Goofy and Freewayphobia

by Jim Korkis, contributing writer
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Growing up in the Los Angeles area, I was used to traffic and the fact that at certain times of the day the freeways were pretty much parking lots rather than a convenient method of travel. Moving to Orlando in 1995, I discovered that few things were more dangerous than tourists behind the wheel of a car in an unfamiliar environment.

I saw drivers drift across four lanes without signaling and then sometimes drift back. I saw drivers take an exit ramp and then back up when they realized they had made a mistake. I saw drivers behave as if they had never seen rain before.

Granted, I had never experienced the phenomenon of "black ice" before and realized that signage in Orlando was poor, at best. Twice, I missed the final off ramp onto Walt Disney property and ended up driving 20 minutes into Haines City before I could turn around. I learned to never do that again.

Walt Disney preferred to drive his own car (usually a convertible) and did not have a regular chauffeur.

Disney Legend Bob Gurr, who joined Disney to work on Disneyland, told me, "When I knew him, Walt had a '50 Cadillac convertible, then a Mercedes Benz 230 SL. He liked convertibles."

Here's a cute story about that Mercedes, which was the last car Walt owned.

Walt recalled: "One day I was driving home and as I was waiting at a stop signal, I looked in a showroom and saw a beautiful Mercedes Benz coupe. 'Gee, I wish I could afford that' I said to myself and then I drove on. I had gone a couple of blocks when I said, 'But I can!' so I turned right around and went back and bought it."

Walt wrote to his sister Ruth on December 1, 1964: "I bought myself a jazzy little sports car this year. A Mercedes 230 SL. That probably won't mean much to you. Anyway, it's a car for the man who thinks young and I am just the guy for it. I thought for a while I was going to have to fight Sharon [his youngest daughter] for possession of it. I loaned it to her one week while we were away and she threatened to steal it. It's a little beauty and almost as good as a blonde on each arm for getting a little envy from my fellow men."

The two seat sports car cost $11,000, which was a lot of money in those days for a car. Perhaps the specter of his thrifty father haunted him because Walt felt guilty about the extravagance, even though he could well afford it. So he rented the car to the Disney Studios at a rate of $100 a day for the movie That Darn Cat! (1965) and it is driven by Roddy McDowell's character

During my own harrowing experiences on the highways, I kept remembering some cartoons featuring Goofy as a driver that were shown at school in driver's education class. It was a great treat to see a Disney color cartoon at school but just like Donald in Mathmagic Land, another theatrical short shown at school, these cartoons contained valuable information.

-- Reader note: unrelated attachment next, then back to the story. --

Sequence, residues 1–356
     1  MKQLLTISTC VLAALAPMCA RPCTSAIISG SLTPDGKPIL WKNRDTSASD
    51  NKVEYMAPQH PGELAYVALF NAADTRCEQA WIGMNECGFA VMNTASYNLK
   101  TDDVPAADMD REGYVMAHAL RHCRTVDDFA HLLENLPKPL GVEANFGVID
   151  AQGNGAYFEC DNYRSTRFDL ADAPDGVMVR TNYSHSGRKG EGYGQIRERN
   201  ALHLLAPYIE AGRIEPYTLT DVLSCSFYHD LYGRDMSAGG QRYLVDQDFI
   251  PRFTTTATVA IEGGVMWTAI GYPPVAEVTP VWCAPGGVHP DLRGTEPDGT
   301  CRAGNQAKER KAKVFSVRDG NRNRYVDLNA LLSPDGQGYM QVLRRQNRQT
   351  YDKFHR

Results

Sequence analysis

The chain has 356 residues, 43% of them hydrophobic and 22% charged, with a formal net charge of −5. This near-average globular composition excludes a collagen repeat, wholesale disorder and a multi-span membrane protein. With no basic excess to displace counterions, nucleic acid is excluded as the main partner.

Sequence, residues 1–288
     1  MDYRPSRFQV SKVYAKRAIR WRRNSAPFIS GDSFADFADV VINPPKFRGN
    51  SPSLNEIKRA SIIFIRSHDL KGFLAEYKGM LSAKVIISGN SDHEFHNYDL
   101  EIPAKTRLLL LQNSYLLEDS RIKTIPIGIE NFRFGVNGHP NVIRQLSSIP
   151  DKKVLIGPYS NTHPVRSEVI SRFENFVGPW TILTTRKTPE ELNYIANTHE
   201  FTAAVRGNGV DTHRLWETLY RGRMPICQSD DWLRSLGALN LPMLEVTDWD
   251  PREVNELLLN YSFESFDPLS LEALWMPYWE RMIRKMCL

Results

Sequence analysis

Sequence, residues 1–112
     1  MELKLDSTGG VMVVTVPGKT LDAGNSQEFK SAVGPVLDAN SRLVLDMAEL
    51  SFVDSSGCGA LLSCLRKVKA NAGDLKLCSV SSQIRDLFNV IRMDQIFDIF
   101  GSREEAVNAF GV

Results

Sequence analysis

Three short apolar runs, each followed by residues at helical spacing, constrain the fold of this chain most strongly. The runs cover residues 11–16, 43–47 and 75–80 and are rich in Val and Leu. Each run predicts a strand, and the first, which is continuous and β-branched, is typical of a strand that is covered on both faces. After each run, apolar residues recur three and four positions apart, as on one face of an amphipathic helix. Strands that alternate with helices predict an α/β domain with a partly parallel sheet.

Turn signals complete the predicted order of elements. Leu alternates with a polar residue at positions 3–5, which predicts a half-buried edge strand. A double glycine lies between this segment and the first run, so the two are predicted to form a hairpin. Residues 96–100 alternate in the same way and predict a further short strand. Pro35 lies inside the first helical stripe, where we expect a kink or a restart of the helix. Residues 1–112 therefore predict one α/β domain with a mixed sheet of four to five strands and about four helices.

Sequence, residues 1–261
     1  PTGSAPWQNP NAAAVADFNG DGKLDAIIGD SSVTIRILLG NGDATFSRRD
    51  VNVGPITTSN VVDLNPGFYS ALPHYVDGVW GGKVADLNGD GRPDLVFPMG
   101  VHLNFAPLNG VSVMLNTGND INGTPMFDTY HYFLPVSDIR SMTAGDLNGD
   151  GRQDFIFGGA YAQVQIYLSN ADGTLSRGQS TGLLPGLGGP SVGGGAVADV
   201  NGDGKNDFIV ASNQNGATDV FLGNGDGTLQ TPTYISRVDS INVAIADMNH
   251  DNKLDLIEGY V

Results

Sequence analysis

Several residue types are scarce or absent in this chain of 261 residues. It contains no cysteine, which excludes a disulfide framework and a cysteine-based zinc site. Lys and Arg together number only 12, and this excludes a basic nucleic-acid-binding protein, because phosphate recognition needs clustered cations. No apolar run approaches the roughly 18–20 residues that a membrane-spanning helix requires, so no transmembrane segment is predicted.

However, it was definitely a goofy mystery for many years why Goofy ended up in three theatrical cartoons helping audiences to be better drivers.

After finally canceling the Goofy theatrical cartoons in 1953, nearly a decade later, Walt approved two new Goofy cartoons that were both released to theaters in 1965: Freeway Phobia and Goofy's Freeway Troubles. Despite the official cancellation of the series, Goofy did appear in another cartoon short in the gap between 1953-1965, Aquamania (1961).

Even more curious was the running time of each of the Freeway cartoons that was roughly double the length of a regular seven-minute theatrical cartoon. These films were the last theatrical appearance of Goofy for nearly two decades until the release of Mickey's Christmas Carol in 1983.

In June 1950, the Disney Company released the seven minute Goofy short Motor Mania. This wonderful cartoon directed by Jack Kinney shows Goofy as the gentle "Mr. Walker" when he is a pedestrian but once he gets behind the wheel of an automobile, he transforms into the manic "Mr. Wheeler".

It was considered to be part of the "How To…" series featuring Goofy where the character demonstrates all the wrong ways to do things from playing a sport to dancing or even sleeping. In fact, the narration was done by John McLeish who had notably served a similar function in those "How To…"cartoons.